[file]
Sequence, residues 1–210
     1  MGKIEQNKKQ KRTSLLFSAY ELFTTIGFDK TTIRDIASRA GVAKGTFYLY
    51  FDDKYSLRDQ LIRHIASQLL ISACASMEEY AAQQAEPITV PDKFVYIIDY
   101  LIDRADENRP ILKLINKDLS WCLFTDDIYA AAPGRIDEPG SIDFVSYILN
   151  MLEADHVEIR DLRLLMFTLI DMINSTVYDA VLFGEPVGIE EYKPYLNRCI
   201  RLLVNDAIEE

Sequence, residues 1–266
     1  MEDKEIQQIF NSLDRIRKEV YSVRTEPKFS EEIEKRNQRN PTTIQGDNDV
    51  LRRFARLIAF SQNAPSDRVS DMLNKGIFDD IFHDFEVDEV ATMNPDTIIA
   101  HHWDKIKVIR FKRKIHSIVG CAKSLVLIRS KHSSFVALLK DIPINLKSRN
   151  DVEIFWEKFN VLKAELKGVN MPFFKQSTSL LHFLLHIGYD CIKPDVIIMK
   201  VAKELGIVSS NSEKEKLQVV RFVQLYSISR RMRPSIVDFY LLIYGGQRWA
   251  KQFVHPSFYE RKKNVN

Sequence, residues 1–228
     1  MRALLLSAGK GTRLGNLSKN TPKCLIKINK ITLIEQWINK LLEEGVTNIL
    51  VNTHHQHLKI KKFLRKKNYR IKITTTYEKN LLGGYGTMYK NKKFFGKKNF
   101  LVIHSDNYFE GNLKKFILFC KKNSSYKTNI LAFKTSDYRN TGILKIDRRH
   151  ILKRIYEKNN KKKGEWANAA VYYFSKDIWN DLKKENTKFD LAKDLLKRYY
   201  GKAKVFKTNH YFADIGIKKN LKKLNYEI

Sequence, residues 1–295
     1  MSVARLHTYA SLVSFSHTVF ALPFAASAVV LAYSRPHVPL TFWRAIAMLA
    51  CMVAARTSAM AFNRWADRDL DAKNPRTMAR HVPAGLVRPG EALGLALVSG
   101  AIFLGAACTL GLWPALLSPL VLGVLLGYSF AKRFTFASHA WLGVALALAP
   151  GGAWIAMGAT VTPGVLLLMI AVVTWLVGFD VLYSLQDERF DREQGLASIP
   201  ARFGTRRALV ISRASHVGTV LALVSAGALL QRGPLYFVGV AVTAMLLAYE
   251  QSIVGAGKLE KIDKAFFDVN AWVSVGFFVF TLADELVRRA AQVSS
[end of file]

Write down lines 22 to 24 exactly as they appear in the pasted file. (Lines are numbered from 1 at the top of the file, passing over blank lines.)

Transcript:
    51  CMVAARTSAM AFNRWADRDL DAKNPRTMAR HVPAGLVRPG EALGLALVSG
   101  AIFLGAACTL GLWPALLSPL VLGVLLGYSF AKRFTFASHA WLGVALALAP
   151  GGAWIAMGAT VTPGVLLLMI AVVTWLVGFD VLYSLQDERF DREQGLASIP